When it comes to movement, the spine is the most important part of your body. Not only does it house your precious spinal cord but it’s the centrepiece and pillar of strength for the rest of the appendicular skeleton (arms, legs and pelvis).

If your spine isn’t moving properly and is not supported by the surrounding musculature, then there’s an increased chance of lower back pain, poor posture, inefficient movement patterns, injury and time off work and training.

Back pain is extremely common in the Australian population. Some reports have it that over 80% suffer from some sort of back pain on a daily basis. That’s huge!

So how do we ensure good spinal health?

The key is to move it so you don’t lose it. Unfortunately, many of us spend most of the day sitting still; we move from car to desk to couch. So let’s start by moving the spine through its full range of motion on a daily basis. That includes flexion, extension and rotation.

Here’s 7 yoga poses to help relieve lower back pain. Put it all together and you have a simple 10-min yoga flow.

Try it every morning as a way to wake-up and prepare the body for the day. Take it slow and move purposefully with your breath.

Start with Child’s pose. It’s a great stretch for the lower back.

  • Feet and knees together
  • Sink the buttocks towards the heels
  • Reach the arms forward and keep the shoulders relaxed and down
  • Hold and breathe for 1-min

Progress to lateral flexion. It’s perfect for mobilising the spine.

  • In child’s pose walk hands to the right side, flexing the spine sideways whilst keeping the legs and hips still
  • Repeat on the left side, feeling the stretch down the opposite side of the body, from the fingertips to the hip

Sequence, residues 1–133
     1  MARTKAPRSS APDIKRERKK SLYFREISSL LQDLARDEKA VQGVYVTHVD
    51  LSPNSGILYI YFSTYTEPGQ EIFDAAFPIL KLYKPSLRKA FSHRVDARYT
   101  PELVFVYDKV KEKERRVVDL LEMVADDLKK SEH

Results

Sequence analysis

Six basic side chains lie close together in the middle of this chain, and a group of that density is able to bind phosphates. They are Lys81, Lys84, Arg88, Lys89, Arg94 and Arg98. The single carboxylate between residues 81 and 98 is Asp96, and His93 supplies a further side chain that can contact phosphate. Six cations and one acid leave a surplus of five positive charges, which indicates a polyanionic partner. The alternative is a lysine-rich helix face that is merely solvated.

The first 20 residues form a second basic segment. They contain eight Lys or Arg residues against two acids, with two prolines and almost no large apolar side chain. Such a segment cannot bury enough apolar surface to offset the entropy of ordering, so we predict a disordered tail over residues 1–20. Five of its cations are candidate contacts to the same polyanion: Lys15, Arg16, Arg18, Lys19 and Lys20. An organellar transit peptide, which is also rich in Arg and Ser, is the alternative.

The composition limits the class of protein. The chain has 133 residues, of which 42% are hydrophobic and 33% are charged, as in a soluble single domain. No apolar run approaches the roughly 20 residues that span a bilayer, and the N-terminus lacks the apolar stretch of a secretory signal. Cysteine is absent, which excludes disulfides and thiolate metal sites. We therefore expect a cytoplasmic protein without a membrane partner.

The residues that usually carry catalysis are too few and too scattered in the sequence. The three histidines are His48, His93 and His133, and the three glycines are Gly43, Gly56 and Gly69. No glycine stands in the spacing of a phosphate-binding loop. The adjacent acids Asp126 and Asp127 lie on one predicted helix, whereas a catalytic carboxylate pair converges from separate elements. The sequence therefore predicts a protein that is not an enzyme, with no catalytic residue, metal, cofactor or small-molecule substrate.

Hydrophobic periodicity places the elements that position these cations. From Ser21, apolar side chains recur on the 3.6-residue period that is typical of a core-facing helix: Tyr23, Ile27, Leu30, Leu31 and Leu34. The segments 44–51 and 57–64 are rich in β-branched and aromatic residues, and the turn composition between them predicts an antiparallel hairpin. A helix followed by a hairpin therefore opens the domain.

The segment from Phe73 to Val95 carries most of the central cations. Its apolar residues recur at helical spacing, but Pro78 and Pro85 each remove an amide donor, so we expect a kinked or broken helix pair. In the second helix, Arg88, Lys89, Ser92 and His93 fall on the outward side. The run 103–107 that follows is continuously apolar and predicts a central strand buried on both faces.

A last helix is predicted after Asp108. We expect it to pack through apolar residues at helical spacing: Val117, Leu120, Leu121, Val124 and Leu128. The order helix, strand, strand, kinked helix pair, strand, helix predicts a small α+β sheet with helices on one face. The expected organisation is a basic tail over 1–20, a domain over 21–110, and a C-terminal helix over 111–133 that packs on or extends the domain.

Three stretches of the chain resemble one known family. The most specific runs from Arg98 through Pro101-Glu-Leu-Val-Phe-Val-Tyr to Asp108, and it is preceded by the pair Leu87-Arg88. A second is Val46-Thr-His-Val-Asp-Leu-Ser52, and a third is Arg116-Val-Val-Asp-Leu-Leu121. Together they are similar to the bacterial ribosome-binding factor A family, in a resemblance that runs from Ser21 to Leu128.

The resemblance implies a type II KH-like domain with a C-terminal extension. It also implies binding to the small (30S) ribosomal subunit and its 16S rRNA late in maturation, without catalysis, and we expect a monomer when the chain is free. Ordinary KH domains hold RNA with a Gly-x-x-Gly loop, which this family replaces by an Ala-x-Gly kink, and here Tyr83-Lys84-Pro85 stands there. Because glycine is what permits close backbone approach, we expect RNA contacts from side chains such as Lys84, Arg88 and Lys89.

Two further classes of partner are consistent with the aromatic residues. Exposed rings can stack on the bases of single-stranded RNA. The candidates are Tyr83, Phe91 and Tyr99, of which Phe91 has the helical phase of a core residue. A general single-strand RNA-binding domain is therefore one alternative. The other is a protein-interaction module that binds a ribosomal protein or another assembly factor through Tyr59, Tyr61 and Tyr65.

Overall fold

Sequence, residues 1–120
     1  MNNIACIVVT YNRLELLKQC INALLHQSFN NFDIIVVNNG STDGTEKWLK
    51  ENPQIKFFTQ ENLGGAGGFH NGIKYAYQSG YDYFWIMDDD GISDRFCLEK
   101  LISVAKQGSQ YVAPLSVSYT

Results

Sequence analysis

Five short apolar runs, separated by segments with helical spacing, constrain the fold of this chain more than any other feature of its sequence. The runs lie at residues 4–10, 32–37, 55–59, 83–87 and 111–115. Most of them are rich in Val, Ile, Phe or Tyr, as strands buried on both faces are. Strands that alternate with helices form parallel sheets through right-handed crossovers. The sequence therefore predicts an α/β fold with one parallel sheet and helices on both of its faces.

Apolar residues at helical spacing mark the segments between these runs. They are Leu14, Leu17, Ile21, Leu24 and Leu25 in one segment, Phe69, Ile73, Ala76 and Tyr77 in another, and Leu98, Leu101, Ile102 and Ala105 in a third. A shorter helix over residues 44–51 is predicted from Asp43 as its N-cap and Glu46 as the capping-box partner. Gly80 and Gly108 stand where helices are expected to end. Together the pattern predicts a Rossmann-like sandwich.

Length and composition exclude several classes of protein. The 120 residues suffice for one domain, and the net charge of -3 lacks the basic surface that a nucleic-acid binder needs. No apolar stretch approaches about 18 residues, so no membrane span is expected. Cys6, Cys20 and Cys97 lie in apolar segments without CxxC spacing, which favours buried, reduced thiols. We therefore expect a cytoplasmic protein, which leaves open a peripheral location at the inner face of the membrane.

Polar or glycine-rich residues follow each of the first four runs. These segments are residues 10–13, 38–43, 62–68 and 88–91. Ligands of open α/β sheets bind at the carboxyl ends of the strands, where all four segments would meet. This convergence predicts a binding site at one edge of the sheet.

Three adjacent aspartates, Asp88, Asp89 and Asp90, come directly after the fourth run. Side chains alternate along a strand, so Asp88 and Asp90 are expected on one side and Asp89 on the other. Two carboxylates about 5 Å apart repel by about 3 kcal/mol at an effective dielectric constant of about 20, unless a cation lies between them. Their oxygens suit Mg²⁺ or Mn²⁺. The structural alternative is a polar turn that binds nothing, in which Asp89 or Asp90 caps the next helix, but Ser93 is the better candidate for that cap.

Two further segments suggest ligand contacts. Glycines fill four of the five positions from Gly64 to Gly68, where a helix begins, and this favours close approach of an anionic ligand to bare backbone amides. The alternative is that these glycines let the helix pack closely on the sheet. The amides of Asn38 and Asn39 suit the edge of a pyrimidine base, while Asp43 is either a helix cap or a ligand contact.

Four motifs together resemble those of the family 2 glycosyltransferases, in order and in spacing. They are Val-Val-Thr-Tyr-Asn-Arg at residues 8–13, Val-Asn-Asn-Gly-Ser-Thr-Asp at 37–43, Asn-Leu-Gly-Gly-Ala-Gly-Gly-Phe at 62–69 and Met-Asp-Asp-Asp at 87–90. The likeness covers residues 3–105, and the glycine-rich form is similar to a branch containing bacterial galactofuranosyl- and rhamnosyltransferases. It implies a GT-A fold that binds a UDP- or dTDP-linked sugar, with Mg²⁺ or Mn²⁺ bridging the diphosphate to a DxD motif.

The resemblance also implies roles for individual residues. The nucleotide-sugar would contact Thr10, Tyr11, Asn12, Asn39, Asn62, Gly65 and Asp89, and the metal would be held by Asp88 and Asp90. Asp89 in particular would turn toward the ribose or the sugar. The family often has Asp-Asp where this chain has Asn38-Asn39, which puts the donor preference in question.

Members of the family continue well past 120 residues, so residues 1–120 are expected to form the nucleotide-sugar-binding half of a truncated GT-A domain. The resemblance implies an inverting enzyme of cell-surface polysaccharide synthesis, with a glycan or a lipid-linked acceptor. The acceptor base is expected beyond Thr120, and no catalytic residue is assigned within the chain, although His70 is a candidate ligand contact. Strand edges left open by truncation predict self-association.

• Hold and breathe for 30-sec on each side

  • Gently mobilise each vertebra of the spine through neutral (1),  flexion (2) and extension (3)
  • Aim for 3-4 rounds

Thread the needle is a great pose to encourage spinal rotation.

  • Start in a four-point-kneeling tabletop position with the hips over the knees
  • Keep hips square and still and dive one arm under the opposite, taking the ear towards the ground
  • Push down through the supporting hand and reach the opposite arm to the ceiling/sky
  • Repeat 3-4 times each side

Downdog is a great pose for lengthening and decompressing the entire spine. It stretches the hamstrings as well, which will also help with lower back issues.

  • Feet hip distance and toes point forwards
  • Keep the spine straight
  • Press hands firmly on the ground
  • Shoulders slide down the back
  • Hold and breathe for 1-min

This multi-purpose pose mobilises the spine, releases the hamstrings and lower back.

  • Stand tall and reach the arms above
  • Gently tuck the chin to the chest and roll down the spine, one vertebra at a time
  • Fold forward over legs allowing the lower back to gently flex
  • Keep the core activated and a slight bend in the knees
  • Let the head hang to allow the neck to release
  • Repeat the roll down 3-4 times and then hold at the bottom for 1-min

When we sit a lot, the lower back tends to flatten, which can cause pain. Sphinx pose promotes the natural curvature of the lower back.

  • Legs are hip distance or wider
  • Squeeze bottom and activate the core to protect the lower back
  • Elbows under shoulders and palms flat
  • Widen the chest and collarbone
  • Neck in line with the spine
  • Hold and breathe for 1-min

Some of the glutes and hip flexor muscles attach to the spine. When the hips and glutes are released it allows the spine and body to move more efficiently.

  • Keep the spine and pelvis neutral
  • Shoulders remain down and connected to the mat
  • Cross one ankle over the opposite knee
  • Gently pull the opposite knee towards the chest
  • Hold each side for 1-min

Want more? Download my complete guide to ‘Stretching and yoga for the everyday athlete’.